In closing, I express solidarity with all of us who have been impacted by sexual abuse in childhood – whether at firsthand, or because it has come into the lives of those who matter to us.  By giving witness, by supporting each other, by making art that reclaims agency and beauty, we can work together across our communities.  We can help the world to see and think differently. 

If you would like to order a copy of bird of winter please follow this link.

To find more about the other amazing Pavilion Poets please follow this link.

Marking the Spaces of our Silences : alice hiller on art as activism in the aftermaths of trauma.

Trigger warning: references to sexual abuse in childhood.

In common with others who were sexually abused in childhood, I have been haunted by the awareness that millions of children round the world are potentially being locked in with sexual predators, as a consequence of measures necessary to limit the spread of COVID 19. I am also deeply concerned for the psychological health of adults living with their memories of having been subjected to this crime, without the normal range of social interactions and support, which would usually help them to cope and hold the past at bay.

While art and activism can be awkward bedfellows, the current crisis has made me think how I can use the body of work I am making around my own history of being groomed and then sexually abused as a child, to bring awareness of this crime to a wider audience. My intention is part of an ongoing project aimed at finding ways to counter the devastating impacts when children are sexually abused.  I also want to make the subject more comprehensible to those whose lives it has not touched directly, in order that we may work collectively for change.

One of the first challenges I faced in writing about sexual abuse was how to find a form of language which respects the inarticulacy of the child’s experience. This arises from the dissociative pressures of shock and shame, in combination with the intimidation and concealment perpetrated by the adult abuser. In her brilliant study, Minor Feelings, Cathy Park Hong cites the poet Myung Mi Kim telling her that “attention to silence is in itself an interrogation” [p139]. This chimes both with my own practice, and that of my late father-in-law, the sculptor Oscar Nemon, whose work has been part of my life since I was sixteen.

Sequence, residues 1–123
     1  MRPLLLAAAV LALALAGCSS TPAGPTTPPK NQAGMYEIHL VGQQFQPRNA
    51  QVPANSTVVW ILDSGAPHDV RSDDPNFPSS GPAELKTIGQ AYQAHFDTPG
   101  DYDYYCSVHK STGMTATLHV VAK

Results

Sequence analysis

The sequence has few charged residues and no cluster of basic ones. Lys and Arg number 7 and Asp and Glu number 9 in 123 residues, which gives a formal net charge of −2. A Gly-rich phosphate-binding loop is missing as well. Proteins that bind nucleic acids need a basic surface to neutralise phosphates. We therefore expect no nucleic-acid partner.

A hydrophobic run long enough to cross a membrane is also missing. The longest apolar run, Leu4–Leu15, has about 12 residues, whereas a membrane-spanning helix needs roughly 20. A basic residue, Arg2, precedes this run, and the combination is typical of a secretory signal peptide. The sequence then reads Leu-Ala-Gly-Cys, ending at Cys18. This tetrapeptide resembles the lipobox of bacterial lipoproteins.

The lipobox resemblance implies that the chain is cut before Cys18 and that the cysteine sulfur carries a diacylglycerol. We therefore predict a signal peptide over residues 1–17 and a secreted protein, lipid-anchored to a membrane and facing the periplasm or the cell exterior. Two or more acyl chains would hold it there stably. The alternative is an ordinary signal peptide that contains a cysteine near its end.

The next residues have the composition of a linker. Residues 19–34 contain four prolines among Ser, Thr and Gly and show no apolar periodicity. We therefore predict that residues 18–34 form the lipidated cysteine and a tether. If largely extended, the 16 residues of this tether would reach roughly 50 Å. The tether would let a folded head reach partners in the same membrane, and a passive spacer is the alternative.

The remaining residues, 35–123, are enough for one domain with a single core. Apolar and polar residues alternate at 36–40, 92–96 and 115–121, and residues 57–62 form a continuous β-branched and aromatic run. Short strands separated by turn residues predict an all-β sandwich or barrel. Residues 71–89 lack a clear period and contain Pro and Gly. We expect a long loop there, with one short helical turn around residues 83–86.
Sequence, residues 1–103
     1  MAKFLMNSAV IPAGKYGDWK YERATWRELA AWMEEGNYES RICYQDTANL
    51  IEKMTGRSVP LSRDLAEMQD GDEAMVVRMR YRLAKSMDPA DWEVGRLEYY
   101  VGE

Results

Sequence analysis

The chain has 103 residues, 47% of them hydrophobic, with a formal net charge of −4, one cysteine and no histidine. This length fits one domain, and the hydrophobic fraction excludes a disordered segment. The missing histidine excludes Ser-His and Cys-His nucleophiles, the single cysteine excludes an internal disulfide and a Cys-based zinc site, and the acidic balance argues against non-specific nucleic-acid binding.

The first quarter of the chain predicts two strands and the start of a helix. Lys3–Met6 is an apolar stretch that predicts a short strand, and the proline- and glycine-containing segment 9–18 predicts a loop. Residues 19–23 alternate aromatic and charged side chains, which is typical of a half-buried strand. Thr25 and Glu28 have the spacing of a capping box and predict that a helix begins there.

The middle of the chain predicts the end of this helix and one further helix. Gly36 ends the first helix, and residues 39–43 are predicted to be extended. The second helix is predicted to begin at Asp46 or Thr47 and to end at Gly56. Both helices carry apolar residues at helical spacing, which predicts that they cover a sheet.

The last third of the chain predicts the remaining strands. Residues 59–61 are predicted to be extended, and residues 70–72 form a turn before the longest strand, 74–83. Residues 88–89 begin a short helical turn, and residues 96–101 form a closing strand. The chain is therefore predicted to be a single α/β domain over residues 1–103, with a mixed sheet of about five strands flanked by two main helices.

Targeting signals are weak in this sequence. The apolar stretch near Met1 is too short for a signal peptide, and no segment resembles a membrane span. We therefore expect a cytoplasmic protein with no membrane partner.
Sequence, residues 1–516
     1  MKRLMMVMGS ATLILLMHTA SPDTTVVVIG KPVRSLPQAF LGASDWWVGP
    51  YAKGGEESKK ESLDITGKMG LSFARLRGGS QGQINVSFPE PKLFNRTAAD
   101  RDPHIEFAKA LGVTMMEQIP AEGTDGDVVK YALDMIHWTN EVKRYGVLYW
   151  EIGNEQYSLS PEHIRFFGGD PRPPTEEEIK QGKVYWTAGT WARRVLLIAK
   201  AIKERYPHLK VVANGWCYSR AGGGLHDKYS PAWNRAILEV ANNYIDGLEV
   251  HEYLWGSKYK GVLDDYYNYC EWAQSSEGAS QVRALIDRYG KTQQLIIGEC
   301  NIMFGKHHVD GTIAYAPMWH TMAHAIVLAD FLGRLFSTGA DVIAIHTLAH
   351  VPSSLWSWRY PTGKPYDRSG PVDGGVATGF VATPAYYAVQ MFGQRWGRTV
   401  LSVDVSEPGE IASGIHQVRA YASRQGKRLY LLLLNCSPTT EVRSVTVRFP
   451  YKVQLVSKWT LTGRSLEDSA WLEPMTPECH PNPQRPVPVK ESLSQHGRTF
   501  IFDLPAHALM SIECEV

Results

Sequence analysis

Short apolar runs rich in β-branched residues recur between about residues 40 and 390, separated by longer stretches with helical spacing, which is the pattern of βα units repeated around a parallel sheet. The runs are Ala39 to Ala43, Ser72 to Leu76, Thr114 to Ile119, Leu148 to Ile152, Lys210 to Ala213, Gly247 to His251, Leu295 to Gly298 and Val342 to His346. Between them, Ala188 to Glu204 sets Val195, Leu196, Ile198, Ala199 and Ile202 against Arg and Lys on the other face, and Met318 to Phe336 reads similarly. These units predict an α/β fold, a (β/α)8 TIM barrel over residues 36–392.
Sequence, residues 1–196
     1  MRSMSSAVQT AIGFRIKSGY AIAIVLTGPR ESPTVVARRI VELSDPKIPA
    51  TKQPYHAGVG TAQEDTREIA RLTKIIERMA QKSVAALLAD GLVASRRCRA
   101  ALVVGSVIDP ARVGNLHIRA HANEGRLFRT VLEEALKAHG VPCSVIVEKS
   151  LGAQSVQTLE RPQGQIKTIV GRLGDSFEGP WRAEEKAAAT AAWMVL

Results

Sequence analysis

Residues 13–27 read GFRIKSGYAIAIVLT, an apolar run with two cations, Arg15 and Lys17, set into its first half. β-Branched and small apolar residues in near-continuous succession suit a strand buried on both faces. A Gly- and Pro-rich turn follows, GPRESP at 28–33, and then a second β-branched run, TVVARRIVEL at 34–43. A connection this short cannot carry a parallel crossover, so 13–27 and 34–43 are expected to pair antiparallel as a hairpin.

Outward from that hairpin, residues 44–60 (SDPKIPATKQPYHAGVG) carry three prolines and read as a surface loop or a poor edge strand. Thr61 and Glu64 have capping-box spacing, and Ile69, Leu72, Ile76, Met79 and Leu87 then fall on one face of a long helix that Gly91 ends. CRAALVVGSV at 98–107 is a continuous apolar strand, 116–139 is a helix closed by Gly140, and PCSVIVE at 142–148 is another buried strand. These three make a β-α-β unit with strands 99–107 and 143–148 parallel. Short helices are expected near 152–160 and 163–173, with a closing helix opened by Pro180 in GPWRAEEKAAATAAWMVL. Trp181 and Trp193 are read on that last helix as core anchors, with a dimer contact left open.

Together with millions of Europeans of Jewish heritage, Nemon and his sister Bella lost almost their entire family to the Holocaust. In their case, the twenty-three murdered relatives included their mother, brother and grandmother. Like many who suffer loss on this scale, aside from one interview at the end of his life, Nemon does not seem to have been able to speak out loud about this tragedy, not even to his children, nor to his close friends.

Better known for his portraits from life of Sigmund Freud and Winston Churchill, Nemon did however respond to the Shoah in his art, which also addresses wider questions of the impacts of genocide on surviving communities. Titled Humanity, his memorial to those killed was unveiled in 1965 in his home town of Osijek, now in Croatia (see below). Emerging from on sketches stretching back to the second world war, the composition shows a mother lifting her child to the future in defiance of annihilation.

Heredity in park

While there is no direct allusion to genocide, it is a composition of the utmost vulnerability. Reaching out and up, neither mother nor child have any form of protection, silently reminding us of the undefendedness of the millions of civilians whose lives were taken both in the concentration camps, and en route for them. The model for the baby was Nemon’s son Falcon, born in 1941 as Yugoslavia was invaded, signalling the likely end of Nemon’s family of origin. Falcon later became my husband.

Nemon only completed two Shoah sculptures, but from 1945 onwards he made sketches exploring living in the aftermath of this loss. They often feature groups of mourning figures, standing together in solidarity, or holding one another. I first discovered them within his papers after Falcon died in 2002. Nemon had previously died in 1985. Recently bereaved, they moved me deeply. When I look through these drawings now, I am additionally struck by their relationships to silences, and silencings, and how they build bodies of gestural language from not speaking. Below is the rapidly drawn Don’t Forget, whose title and injunction come from the page of the memo pad on which it was executed in black felt tip pen.